I've been talking to friends of mine that have already gone on leave. They say it's weird, that they catch themselves scanning when out in public, little things like that. And that their friends, obviously searching and digging for some sign of the cliche battle-weary soldier archetype, say things like, "Something's wrong, you seem different." Anyone's going to expect that.

They ask what it's like, act all interested and whatnot. When you finally tell them, it isn't long before they've had their fill, and don't really care. Back to whatever bullshit there was before.

Not me. Sorry everyone, but I won't be taking my flight in that direction. I'm going thousands of miles from anyone who knows me or anything about me, with the exception of one battle buddy. A couple weeks of completely not giving a shit (and not being punished for it), of boozing and sleeping when I want, of chasing the local women around, sight-seeing and ooh ahhing. Walking through streets that don't explode. Doing whatever the hell we want to. A million miles away. I'll come HOME when it's all said and done, when I'm not getting on a plane to come right back to this putrid sphincter.

So for those of you I won't be visiting, let's just get that "What's it like" out of the way.

Open bay tents, thirty or so guys per. Wooden floors, metal wall lockers, bunk beds. Woodland camo style ponchos strung up to section off micro-living spaces. Walk out the door.

Dirt, dust. It isn't so much sand here as it was Kuwait. It's that no-color wasted earth looking powder that's dry and covered with gravel in some vain attempt in keeping it out of the sky and out of our noses. There has never been any "sand" in my ass. Walls and walls of concrete barriers, maybe twenty feet high surrounding every little pod of tents. Gravel gravel gravel, constantina wire, waist high barriers along the sides of roads, tan humvees, white trailer housing units for the lucky ones, more barriers, endless tan dirt sea, CONEX sheds, green trees along some of the perimeter between one section of the FOB and the others. There are those shallow man-made lakes of Saddam's. Couple of his palaces, but not in my immediate area. Only time I glimpse those is when I walk back to the tent via what I call the "Funeral Route" from the chapel. Less people walk on it.

Hop into your truck and head on out the wire. Mazes of barriers and long stretches with high walls and wire strung along the tops, major potholes and dust dust dust. It's green along the main route once you get to it, you know, on the sides, and there are palm trees.

As far as the city, and the sections of it that I've been to, well take your typical urban city, minus any building taller than three stories. Sprawled out, everything tan, Mos Eisley Spaceport of Tattooine. Highways are highways, that's no different. Still bridges and overpasses, sometimes with the guardrails destroyed. A mosque as you curl around an onramp with weak fence along it, higher and higher over the ground and god forbid if your turn isn't sharp enough and you lose control and POW, off you go.

Get off of those major roads and into the neighborhoods. Still all that beige, flat houses with stairwell access to the rooftops. Maybe clothes on the line up top, maybe not. Virtually every house has a six foot high wall all around the yard, creating a courtyard of sorts. I don't ever think I've seen carpet on the floors. All tile or concrete. Most houses are really sparse, the people may be squatting on someone else's abandoned home, and maybe that someone else just split and left the country or the neighborhood, or maybe they're dead. Who knows.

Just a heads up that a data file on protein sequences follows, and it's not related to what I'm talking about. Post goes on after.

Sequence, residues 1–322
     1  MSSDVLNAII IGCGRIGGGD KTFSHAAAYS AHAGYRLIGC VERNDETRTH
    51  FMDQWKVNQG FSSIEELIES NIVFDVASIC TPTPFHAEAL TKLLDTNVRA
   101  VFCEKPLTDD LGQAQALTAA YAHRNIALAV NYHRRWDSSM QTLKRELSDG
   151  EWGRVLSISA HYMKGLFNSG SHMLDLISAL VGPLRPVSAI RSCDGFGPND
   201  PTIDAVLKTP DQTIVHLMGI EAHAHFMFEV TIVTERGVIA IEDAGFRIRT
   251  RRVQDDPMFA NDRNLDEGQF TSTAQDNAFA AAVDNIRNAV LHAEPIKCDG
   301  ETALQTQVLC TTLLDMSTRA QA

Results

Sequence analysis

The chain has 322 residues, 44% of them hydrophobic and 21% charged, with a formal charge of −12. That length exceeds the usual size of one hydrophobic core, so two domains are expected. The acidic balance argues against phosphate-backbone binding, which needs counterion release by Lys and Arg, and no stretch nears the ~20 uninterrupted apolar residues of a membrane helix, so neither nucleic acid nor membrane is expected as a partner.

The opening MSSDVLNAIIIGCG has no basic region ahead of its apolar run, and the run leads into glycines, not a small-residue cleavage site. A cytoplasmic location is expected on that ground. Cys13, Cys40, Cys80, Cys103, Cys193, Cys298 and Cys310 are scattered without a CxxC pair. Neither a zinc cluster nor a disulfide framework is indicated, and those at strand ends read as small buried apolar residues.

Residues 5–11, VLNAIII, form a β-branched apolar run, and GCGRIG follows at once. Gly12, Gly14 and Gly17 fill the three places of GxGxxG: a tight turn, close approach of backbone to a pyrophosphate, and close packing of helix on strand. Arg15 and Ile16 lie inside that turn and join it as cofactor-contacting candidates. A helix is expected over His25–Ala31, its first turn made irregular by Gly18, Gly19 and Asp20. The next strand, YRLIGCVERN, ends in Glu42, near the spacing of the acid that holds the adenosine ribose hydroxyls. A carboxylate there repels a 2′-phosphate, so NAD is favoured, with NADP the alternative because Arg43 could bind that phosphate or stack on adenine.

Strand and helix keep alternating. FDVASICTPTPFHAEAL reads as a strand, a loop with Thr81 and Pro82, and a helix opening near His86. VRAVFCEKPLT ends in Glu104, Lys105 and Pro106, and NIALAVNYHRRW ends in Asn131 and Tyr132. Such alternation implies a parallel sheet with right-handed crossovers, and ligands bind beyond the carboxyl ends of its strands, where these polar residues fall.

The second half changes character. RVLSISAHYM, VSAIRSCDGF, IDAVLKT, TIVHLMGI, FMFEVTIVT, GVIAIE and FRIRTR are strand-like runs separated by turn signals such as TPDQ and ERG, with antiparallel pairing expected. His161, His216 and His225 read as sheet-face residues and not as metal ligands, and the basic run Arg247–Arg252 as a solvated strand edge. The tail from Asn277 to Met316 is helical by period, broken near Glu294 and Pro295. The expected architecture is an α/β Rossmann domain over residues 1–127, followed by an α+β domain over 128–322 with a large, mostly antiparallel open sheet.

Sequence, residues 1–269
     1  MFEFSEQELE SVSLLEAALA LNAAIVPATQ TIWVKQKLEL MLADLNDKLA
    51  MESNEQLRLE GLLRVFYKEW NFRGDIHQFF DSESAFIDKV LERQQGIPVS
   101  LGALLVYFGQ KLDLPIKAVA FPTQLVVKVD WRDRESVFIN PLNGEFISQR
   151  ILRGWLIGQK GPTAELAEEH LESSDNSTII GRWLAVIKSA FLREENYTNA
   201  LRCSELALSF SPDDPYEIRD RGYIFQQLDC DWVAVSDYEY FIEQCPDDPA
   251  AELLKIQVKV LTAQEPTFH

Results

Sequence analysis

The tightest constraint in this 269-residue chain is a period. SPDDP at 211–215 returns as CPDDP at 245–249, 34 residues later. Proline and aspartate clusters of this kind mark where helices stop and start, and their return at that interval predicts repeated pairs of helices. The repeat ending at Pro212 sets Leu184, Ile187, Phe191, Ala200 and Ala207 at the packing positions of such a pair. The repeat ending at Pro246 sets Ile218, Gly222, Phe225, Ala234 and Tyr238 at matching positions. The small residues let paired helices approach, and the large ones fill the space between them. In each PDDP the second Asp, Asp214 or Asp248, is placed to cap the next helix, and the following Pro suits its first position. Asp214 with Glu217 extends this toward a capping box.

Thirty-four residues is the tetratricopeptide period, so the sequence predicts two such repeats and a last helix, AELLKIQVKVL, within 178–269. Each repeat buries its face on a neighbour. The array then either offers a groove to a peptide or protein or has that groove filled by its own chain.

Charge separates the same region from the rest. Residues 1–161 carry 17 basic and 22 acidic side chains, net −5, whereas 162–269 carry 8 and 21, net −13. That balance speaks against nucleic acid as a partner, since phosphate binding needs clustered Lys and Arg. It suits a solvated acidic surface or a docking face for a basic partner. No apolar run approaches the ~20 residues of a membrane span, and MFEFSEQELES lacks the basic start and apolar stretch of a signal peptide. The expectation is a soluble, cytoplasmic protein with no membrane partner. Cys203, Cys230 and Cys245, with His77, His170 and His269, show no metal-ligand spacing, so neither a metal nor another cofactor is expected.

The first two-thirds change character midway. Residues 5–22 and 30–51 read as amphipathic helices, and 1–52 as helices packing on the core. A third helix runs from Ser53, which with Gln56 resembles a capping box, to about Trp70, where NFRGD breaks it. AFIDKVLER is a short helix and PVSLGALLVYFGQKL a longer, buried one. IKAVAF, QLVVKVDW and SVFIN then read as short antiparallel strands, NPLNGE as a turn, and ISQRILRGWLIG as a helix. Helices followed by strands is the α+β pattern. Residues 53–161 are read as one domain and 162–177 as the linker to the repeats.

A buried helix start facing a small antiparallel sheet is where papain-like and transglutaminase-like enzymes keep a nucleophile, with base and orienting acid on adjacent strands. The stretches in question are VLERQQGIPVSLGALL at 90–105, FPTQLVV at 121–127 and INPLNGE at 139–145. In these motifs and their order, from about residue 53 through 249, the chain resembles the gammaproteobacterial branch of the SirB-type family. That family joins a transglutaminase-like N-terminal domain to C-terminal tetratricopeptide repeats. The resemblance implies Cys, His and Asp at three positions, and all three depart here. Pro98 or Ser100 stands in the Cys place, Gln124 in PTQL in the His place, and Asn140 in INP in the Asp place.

People hang around on the sidewalks, atleast until I wave them off. The less observing us the better, right? The kids are shameless little monsters who don't beg, but demand money and chocolate and soccer balls. I hold my hand out and tell them sure, you can give me money. They fight, they really beat the piss out of each other too.

And now some battle buddy wants me to walk the long mile to the chow hall. Interrupted again.

Fuck it, ask questions if you care.



If you wanted to know what Baghdad looks like, watch the movie "Man On Fire". Towards the end, you see the neighborhood that "The Voice" lives in. Take that, and suck all of the color out of it. Keep the extended families living together.

This is an IP acting more or less like a complete weirdo.

Hello, door. Meet boot.

Clearing a room.

Found this while searching a house.


Suspect driving.


Shock And Purge

We had found something that we think belonged to one of the soldiers who were kidnapped earlier this year. So we're busting the right people.

My boys found more caches and a hearty Hell Yeah to that.

My friend found a dead guy. Hands tied behind his back, head cut off of course, belly down in the weeds.

"Roight! From the soize o'these maggots," he pointed, doing his best Crocodile Hunter impression. "I'd say he's only been dead a coupl'a days. Otherwoise the maggots would be FLOIES! HAHAHAHAHA!"

Iraqi security forces were called up to take care of the body. They were putting it in a bag when one of them started dry heaving at aggressive volumes. My buddy ol' pal starts to snicker until his laughter erupts. The Iraqi throws his end of the bag down.